Feuerbach and the End of Classical German Philosophy. Capital I. In this respect and in this respect alone Hegel and Schopenhauer are on a par with each other. The Poverty of Philosophy , p. Capital I, p. Capital 1, p. II, p. Dokumente des Sozialismus II, p. In this context it is unfortunately not possible to discuss in greater detail some of the ramifications of these ideas in Marxism, e. This is the point from which to gain an historical understanding of the great utopians such as Plato or Sir Thomas More. And similarly: "They know not what they do, but they do it. Wages, Price and Profit. A commodity is perceived solely in terms of its money equivalent its price , rather than being understood as standing within a set of social relations of production.

The labor of the operator of the shoe-sewing machine disappears and we see only the money value of the shoes. Marx believes that this is a socially important form of mystification; the market society erases the relations of domination and exploitation on which it depends. Twentieth-century Marxist thinkers have given more systematic attention to a Marxist theory of consciousness and ideology than Marx provided. A more sociological treatment of class consciousness was provided by Karl Mannheim in his effort to formulate a sociology of knowledge in the s Mannheim []. The sociology of knowledge attempts to provide a theoretical account of the relationship between knowledge systems and the social conditions within which they emerge; this provides a theoretical framework in terms of which to understand the workings of a system of ideology.

Mannheim supports the idea that the social position of the bourgeoisie and the proletariat deeply influence the forms of knowledge that they embody; and in each case, he argues that these forms of material bias lead to a systematic falsification of social reality. Antonio Gramsci significantly extended Marxist thinking about ideology and consciousness in the s Gramsci Gramsci gave ideology a more active role in politics and history than classical historical materialism. He argued that the proletariat has the ability to influence the terms of its consciousness, so there is an extended struggle between the bourgeoisie and the proletariat over the terms of the representation of the existing social reality.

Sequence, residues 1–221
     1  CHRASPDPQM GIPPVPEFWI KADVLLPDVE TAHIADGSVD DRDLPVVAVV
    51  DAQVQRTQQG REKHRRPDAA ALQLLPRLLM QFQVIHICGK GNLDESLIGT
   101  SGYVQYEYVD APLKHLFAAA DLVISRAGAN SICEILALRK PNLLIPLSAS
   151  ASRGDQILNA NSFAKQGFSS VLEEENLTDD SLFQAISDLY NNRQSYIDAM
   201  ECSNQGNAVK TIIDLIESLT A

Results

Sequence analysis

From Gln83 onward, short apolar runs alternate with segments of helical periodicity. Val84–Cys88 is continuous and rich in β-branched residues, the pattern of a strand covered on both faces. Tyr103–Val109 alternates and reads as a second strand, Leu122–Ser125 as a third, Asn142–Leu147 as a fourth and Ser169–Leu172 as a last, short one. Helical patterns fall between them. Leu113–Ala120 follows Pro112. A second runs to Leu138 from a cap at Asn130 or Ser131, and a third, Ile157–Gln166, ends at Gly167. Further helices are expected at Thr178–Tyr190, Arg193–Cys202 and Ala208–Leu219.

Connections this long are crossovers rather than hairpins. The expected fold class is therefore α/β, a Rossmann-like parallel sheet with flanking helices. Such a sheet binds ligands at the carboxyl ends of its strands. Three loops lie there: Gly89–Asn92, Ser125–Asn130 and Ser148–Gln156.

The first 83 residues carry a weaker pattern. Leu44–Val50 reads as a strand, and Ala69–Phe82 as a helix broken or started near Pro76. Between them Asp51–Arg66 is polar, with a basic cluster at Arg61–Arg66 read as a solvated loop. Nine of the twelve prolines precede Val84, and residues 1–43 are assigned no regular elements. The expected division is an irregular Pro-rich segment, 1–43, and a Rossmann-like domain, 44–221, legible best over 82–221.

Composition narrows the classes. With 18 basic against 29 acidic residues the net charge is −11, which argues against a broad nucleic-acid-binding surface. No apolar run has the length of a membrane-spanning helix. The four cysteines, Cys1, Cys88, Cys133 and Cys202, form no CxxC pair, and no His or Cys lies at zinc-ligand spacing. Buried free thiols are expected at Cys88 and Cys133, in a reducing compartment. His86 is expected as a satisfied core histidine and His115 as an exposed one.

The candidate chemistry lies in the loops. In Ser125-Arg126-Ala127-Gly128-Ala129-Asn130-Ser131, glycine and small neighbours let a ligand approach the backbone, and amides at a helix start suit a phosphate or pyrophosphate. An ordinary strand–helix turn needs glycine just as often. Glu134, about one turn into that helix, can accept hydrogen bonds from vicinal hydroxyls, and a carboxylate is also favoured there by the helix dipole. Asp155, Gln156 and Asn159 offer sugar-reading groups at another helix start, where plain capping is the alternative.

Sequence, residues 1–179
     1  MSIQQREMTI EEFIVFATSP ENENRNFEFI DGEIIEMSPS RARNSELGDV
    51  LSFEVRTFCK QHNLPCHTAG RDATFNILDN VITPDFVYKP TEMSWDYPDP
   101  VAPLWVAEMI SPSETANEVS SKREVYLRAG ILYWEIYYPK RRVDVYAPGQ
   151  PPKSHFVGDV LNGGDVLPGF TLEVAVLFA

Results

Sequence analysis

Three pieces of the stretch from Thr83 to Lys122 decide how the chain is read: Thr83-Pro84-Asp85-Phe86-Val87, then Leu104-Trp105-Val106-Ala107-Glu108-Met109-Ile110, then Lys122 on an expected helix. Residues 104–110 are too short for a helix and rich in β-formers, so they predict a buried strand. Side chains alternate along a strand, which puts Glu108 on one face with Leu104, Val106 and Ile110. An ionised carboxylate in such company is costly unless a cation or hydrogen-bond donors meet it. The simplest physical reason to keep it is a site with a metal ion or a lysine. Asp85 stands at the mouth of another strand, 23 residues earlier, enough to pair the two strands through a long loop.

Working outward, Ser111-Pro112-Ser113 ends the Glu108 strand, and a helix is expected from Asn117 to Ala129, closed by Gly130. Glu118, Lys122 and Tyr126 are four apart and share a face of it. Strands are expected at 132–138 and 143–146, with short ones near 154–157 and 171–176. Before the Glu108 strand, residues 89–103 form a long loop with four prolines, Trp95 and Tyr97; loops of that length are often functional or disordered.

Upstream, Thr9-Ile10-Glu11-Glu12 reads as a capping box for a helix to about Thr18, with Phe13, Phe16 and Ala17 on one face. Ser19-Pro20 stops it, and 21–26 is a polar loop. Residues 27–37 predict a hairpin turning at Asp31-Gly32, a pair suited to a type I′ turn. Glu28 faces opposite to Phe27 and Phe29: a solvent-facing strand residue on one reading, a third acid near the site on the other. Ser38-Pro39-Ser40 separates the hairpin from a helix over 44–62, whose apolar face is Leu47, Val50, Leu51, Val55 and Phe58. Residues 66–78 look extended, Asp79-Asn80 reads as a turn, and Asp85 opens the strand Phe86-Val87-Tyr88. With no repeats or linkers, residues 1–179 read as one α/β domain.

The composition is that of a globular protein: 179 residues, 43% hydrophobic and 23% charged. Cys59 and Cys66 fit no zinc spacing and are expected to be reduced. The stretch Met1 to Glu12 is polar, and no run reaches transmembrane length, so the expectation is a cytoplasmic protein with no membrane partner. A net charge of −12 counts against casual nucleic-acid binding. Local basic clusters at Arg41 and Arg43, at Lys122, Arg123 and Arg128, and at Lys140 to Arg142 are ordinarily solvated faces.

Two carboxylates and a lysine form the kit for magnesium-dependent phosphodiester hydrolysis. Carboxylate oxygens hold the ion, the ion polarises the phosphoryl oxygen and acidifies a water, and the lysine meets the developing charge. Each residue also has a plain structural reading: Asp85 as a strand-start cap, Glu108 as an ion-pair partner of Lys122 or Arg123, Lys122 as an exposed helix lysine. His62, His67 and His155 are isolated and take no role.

This perspective introduces a major change into the classical theory of ideology, in that it denies that the subordinate class is simply the passive tool of the dominant ideology. The French philosopher Louis Althusser provided an influential perspective on the role of ideology in a class society in Lenin and Philosophy Althusser Althusser, Louis. Lenin and philosophy, and other essays. Gramsci, Antonio. Selections from the Prison Notebooks of Antonio Gramsci. Translated by Q. Hoare and G. New York: International. History and class consciousness; studies in Marxist dialectics.

Cambridge, Mass. Mannheim, Karl. Ideology and utopia : an introduction to the sociology of knowledge , A harvest book ; HB 3. New York: Harcourt Brace. Marx, Karl. The Poverty of Philosophy.

The Italian Marxist Antonio Saltbox House Research Paper argued that the class consciousness marx may class consciousness marx a set of class consciousness marx derived from class consciousness marx education system which contrasts with the values acquired from the workplace. In the first class consciousness marx this consciousness is class consciousness marx within itself. Capitalism, by contrast, is class consciousness marx revolutionary form par class consciousness marx.